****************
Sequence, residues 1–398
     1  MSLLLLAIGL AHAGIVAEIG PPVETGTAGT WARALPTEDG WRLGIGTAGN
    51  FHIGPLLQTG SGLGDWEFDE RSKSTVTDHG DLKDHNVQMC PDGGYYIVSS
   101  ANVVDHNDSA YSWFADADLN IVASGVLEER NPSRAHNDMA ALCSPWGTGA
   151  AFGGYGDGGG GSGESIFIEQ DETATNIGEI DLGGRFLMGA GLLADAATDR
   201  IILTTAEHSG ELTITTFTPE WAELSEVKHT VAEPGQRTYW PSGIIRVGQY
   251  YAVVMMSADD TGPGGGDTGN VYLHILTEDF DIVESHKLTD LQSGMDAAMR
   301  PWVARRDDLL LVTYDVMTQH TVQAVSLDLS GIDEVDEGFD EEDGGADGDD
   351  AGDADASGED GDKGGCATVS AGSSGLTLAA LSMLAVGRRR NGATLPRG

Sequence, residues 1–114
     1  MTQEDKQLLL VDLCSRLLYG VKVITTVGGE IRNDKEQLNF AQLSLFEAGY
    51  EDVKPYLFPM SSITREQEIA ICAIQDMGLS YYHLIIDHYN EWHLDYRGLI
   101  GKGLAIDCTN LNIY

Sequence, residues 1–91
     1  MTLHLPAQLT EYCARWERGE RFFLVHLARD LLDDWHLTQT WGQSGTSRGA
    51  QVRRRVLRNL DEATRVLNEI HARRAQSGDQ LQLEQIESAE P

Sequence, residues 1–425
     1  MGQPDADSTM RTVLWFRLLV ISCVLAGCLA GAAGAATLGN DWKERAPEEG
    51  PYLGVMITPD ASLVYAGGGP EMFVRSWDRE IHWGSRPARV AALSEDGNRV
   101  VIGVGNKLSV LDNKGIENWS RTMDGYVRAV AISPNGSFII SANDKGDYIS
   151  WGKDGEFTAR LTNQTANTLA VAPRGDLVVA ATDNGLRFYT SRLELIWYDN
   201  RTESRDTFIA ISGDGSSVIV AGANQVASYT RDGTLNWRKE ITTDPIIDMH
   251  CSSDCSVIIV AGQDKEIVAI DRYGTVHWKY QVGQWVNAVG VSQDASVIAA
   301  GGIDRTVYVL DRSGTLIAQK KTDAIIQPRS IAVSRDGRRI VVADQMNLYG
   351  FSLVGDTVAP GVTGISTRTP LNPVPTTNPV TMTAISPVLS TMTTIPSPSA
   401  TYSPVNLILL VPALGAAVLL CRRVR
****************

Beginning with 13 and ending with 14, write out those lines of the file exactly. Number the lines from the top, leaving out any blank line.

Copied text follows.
   101  GKGLAIDCTN LNIY

Sequence, residues 1–91